As wildlife research supervisor with the Idaho Department of Fish and Game, he’s currently working with Grand Teton National Park to document migrations across the border between Idaho and Wyoming.
“We had no idea that animals from Island Park would cross the border and head all the way down to the Red Desert,” Hurley says. “To date, this is certainly the longest one north and south that we’ve seen.”
Biologists still need to collect another year of movement data to confirm that the Island Park doe makes an annual trek from Wyoming to Idaho. Ortega and her crew placed a new satellite collar on the deer, and they will be watching closely this spring to see if 255 makes the same incredible migration from near Interstate 80 to the far side of the Tetons.
For Ortega, deer 255 has become a fixation. She checks in on the deer’s location every day, making sure the doe is still going about her daily movements and watching for further signs of spring migration.
Much More to Learn
With luck, 255 will migrate again to Idaho and give birth to a fawn to whom she will teach this same unique migration route, passing it on to the next generation.
“This is just one deer, but it shows the connectivity of this landscape in a way that exceeds our imaginations,” says Kauffman, who directs the Wyoming Coop Unit and the Wyoming Migration Initiative. “That this mule deer herd in the Red Desert has persisted in making these epic migrations is a testament to their tenacity and the biological importance of migration.”
Previous research at UW has shown mule deer are highly selective browsers that migrate to follow the “green wave” of spring forage as it moves up in elevation, maximizing their nutritional gains, reproductive success and ability to withstand the rigors of winter.
Yet, it’s still unclear what attracts deer 255 all the way to Island Park, elevation 6,300 feet. According to Hurley, the area has few aspen and not much shrub cover, qualities that are found in other more productive mule deer habitats farther south in Idaho.
Perhaps the deer gets a nutritional benefit from her habitat in the well-watered Henry’s Fork caldera, an 18- by 23-mile-wide basin created when the Yellowstone supervolcano violently exploded 1.3 million years ago. Today, the caldera receives 30 to 60 inches of precipitation a year, making it one of the wetter spots in the region. The area can have more snow in winter than Jackson Hole and stay green long into the fall, Hurley says.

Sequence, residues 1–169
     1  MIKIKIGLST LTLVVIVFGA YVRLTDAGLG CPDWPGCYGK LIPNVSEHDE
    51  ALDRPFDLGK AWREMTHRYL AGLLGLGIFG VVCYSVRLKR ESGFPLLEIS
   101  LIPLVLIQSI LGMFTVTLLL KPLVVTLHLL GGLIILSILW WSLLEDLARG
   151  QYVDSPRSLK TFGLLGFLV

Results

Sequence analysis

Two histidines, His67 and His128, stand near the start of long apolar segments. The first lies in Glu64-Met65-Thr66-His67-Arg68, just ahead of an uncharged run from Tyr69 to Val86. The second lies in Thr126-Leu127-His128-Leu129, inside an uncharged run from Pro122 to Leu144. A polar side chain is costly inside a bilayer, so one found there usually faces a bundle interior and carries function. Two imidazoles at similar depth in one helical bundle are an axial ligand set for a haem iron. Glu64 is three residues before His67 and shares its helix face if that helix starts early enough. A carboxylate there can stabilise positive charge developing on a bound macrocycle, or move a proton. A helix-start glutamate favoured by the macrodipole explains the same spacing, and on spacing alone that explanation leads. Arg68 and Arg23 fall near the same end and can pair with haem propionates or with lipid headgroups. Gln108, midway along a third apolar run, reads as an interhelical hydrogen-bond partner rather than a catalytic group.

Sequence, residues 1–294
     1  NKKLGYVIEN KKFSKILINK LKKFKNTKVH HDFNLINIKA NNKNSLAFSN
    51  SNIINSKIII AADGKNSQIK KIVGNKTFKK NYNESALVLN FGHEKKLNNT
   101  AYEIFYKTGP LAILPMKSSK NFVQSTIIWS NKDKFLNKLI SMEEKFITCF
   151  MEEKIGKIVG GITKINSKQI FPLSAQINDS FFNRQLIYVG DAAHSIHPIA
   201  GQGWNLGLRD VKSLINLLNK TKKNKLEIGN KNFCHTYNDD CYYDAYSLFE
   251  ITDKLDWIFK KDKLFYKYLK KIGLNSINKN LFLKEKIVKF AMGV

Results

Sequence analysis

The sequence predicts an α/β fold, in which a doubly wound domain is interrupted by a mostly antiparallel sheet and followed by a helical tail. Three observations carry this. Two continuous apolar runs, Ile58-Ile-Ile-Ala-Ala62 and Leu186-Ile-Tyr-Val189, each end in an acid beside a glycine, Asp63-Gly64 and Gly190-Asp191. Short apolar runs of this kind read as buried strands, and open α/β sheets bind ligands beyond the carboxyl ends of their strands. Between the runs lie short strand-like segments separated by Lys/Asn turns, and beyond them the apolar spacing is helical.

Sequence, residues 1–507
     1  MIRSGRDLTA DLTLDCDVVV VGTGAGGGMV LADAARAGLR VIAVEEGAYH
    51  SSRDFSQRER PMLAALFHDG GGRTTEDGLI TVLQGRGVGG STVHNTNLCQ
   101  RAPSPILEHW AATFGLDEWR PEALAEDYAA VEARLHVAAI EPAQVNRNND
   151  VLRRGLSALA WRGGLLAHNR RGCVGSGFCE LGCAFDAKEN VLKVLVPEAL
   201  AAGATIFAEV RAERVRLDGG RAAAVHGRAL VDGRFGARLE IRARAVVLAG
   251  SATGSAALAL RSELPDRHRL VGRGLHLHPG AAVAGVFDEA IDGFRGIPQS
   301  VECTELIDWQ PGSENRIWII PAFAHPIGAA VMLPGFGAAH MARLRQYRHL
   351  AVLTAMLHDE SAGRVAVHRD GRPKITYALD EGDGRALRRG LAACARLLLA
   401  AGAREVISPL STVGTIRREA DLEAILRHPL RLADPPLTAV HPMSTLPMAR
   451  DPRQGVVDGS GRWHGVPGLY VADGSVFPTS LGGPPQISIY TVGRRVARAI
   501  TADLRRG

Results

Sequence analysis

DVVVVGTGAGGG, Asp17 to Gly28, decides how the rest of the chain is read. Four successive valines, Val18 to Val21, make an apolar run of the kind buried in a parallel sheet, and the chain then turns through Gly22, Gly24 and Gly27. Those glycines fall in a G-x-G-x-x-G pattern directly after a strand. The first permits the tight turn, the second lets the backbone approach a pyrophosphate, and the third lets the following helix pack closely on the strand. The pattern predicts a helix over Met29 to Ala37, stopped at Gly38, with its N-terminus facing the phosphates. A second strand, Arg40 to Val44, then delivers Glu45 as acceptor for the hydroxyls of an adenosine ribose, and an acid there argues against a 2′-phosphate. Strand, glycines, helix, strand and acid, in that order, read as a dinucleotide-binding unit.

Ortega’s research could shed light on what long-distance migrators — such as 255 — gain from making such long treks to summer range. As for the doe’s winter range, the wind-blown mesas near Superior are some of the driest areas in Wyoming, relatively mild places for mule deer to spend the cold season without much snowfall to contend with.
“Deer 255 shows that Wyoming’s iconic mule deer still have more to teach us about their migrations and their habitat needs,” Kauffman says. “We’ll be following her closely.”
The migration study is a collaboration among UW, WGFD, Wyoming Migration Initiative, Bureau of Land Management and U.S. Geological Survey, with funding from the Southwest Wyoming and Upper Green chapters of the Muley Fanatic Foundation, National Science Foundation, Robert Berry Ecology Center Endowment, Pew Charitable Trusts, the Wyoming Landscape Conservation Initiative, the Wyoming Governor’s Big Game License Coalition and the Knobloch Family Foundation.
Cartographers at the University of Oregon InfoGraphics Lab have worked with the Wyoming Migration Initiative to tell the story of this world’s longest mule deer migration since 2014. The two groups collaborated to produce “Wild Migrations: Atlas of Wyoming’s Ungulates,” a definitive, richly illustrated book of maps, science stories and images that will be published by Oregon State University Press in October. Learn more at www.migrationinitiative.org.